We have previously commented on issues such as “catfishing” and online bullying both being issues of concern in the area of child abuse. The instant and anonymous access of social media forums as well as the interactive nature of online gaming, create opportunities for both those intent on abuse and those intent on bullying and blackmail.
Elizabeth Denham, the UK Information Commissioner, has spoken out on this issue and feels that future generations will be “astonished to think that we ever didn’t protect kids online.” She spoke in a forward thinking address while launching the Age Appropriate Design Code as a new set of privacy codes to be set by her office. Social media sites, online gaming sites and streaming services will need to abide by these new rules.
In an earlier Blog we advised of a case of ‘catfishing’ (when a person pretends to be someone else to entice victims in online scams or abuse). We highlighted the issue and we raised the concern at the liability internet providers or employers may face for failing to prevent such attacks.
The issue of “catfishing” came into the news recently when a 21 year old from Newry in Northern Ireland was charged with attempting to blackmail over 300 people in a “catfish” blackmail scam. Of the victims identified, 35 were in the UK showing the scope and scale of the offences and the complexities of investigating these crimes. In addition to blackmail income, the perpetrator can sell images and in this case the court heard the accused earned £700 in three weeks selling images of children.
“Catfishing” is a scam where the victim is lured into a relationship online by someone who has created a fictional persona. It is often used to create a relationship which will result in trolling activity but can also be used for financial gain. The perpetrator uses their online persona to ingratiate themselves into the life of their victim and can then request financial help for some fictional issue or, having tricked their victim into forwarding sexually intimate pictures, they can blackmail that person by threatening to release the pictures to other friends or wider on the internet.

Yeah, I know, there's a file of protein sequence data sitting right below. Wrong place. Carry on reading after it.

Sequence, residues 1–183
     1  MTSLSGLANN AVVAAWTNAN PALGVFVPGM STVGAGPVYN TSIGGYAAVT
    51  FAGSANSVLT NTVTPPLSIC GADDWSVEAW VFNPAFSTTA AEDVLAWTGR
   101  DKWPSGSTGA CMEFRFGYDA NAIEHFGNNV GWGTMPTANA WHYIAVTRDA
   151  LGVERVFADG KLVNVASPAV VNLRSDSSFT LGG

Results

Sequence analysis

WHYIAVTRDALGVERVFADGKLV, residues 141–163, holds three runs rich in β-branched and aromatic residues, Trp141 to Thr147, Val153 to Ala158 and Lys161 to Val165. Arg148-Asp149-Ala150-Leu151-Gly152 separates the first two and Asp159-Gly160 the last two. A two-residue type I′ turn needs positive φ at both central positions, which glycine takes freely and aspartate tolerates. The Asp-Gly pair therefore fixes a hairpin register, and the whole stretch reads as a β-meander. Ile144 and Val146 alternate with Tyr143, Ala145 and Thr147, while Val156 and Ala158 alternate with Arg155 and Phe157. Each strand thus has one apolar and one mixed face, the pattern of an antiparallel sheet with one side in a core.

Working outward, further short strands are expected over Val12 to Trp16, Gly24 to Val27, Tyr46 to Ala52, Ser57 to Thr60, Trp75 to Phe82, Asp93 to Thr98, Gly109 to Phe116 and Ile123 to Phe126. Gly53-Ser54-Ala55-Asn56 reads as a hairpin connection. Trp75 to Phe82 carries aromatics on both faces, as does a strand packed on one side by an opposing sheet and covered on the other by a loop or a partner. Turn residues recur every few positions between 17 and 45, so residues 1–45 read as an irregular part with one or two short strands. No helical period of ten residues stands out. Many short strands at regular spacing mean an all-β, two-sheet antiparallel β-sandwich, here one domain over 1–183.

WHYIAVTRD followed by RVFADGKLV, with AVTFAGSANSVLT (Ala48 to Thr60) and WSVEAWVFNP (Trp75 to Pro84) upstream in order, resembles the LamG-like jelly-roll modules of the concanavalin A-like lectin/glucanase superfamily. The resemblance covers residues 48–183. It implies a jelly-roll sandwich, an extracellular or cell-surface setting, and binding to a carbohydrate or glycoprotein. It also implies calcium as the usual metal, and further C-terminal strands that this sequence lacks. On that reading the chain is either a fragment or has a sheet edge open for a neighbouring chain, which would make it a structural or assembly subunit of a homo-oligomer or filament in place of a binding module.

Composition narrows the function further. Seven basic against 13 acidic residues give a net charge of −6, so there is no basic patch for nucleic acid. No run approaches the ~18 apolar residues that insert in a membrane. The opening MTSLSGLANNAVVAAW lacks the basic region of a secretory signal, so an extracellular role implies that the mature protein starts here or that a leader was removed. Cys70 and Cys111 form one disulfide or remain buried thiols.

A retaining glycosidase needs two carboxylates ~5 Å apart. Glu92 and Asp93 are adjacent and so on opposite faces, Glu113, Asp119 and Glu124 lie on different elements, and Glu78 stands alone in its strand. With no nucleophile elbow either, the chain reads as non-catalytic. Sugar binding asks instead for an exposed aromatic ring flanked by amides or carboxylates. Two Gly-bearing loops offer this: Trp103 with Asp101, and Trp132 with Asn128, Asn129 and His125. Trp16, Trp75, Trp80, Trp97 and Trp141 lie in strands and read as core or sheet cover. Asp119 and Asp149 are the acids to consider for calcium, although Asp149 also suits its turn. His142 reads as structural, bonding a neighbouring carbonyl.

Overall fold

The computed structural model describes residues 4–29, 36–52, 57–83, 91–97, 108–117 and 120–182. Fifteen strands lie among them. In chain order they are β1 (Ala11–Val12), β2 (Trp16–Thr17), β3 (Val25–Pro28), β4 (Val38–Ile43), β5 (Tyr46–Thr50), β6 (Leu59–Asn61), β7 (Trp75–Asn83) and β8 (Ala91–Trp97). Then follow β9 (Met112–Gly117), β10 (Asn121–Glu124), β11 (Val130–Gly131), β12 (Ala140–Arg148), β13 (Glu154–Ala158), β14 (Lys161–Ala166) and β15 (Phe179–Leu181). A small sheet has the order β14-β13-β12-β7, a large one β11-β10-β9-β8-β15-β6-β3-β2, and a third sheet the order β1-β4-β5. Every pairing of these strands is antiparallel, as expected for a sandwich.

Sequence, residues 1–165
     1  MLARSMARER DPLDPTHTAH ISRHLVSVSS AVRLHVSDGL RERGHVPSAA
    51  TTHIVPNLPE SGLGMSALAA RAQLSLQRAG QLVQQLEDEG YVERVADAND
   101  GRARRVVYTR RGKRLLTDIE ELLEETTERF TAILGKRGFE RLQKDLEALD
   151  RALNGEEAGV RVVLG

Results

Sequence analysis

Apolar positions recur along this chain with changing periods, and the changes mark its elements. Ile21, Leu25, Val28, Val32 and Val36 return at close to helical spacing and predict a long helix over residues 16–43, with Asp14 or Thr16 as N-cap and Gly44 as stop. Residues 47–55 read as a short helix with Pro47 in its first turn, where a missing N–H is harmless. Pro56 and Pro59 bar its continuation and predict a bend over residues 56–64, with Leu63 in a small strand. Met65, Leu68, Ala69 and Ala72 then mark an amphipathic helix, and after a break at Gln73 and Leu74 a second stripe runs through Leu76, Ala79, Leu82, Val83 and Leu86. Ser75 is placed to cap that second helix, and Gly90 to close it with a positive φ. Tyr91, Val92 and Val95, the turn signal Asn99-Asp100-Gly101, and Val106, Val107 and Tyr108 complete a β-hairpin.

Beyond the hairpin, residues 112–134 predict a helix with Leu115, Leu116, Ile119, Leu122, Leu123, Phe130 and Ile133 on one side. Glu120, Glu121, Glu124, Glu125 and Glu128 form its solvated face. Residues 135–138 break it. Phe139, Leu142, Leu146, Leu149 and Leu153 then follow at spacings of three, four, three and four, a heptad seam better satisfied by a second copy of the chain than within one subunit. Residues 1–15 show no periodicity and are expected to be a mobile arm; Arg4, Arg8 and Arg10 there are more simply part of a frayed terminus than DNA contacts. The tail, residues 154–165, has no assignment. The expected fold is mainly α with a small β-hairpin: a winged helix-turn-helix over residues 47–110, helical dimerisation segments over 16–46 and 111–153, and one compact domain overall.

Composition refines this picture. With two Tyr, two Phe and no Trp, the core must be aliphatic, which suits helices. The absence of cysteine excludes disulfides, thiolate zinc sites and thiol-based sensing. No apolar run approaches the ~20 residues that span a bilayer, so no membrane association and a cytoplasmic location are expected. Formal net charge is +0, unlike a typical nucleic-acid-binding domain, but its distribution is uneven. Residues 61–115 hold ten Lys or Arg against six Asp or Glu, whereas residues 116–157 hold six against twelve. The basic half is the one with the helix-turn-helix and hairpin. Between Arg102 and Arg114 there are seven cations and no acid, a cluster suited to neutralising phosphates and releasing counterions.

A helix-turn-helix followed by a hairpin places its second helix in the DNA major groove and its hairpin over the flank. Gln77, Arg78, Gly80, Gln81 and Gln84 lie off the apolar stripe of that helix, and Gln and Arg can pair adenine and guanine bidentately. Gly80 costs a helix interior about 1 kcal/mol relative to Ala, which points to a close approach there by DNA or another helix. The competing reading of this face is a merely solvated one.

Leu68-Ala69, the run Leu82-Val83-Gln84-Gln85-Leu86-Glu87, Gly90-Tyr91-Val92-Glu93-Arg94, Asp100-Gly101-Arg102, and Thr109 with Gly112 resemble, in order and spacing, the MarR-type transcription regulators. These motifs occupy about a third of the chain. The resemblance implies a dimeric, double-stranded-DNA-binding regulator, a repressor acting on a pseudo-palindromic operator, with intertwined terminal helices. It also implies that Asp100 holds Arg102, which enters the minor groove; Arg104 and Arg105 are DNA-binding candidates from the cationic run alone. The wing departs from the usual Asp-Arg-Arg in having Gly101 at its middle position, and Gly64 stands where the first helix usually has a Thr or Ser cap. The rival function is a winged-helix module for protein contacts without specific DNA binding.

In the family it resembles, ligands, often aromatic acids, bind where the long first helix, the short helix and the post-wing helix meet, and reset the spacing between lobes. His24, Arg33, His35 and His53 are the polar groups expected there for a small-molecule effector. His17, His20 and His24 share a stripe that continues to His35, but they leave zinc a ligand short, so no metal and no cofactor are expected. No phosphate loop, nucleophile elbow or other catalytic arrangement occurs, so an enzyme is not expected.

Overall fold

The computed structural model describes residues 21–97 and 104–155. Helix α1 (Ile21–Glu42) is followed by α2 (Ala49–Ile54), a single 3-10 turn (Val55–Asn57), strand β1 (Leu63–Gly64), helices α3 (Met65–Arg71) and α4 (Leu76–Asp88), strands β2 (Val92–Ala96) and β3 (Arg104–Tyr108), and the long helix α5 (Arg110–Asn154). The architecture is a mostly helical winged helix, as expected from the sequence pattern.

While the criminal aspects of fraud, extortion, blackmail and creating, receiving or distributing images are all obvious the risk to the wider community is not so clear.
Catfishing could be part of a bullying campaign in a school where some pupils trick a fellow pupil with a fake relationship. Workmates could entice a colleague into some sort of online activity as part of a campaign against them.
If harm occurs to the pupil or to the employee there may well be serious implications for the school or the employer. The ease of access to social media sites through school and employment WIFI mean that some thought may need to be given as to widening the scope of training and supervision. Bullying was previously an activity easily monitored as it occurred only when the parties were in close proximity. Now the bully or bullies can operate 24 hours a day from their desks or in corridors where they can watch the impact but also from their homes or anywhere else.
The definition of school bullying and workplace bullying may come under scrutiny in courts just as the scope of vicarious liability has been expanded over the years. School Governors and Trustees and employers may face claims from victims or even from families if the victim takes their own life. Insurers may also look at what cover they provide and consider chronological or geographical restrictions for work related bullying to limit it to activity within a specific workplace or during certain working hours.
Social media and the imminent arrival of a 5G network mean the risks are expanding at a rate the law and insurance cannot achieve. This will inevitably create areas of confusion into which the criminal and court will have to stray.
Written by Fintan Canavan, partner at BLM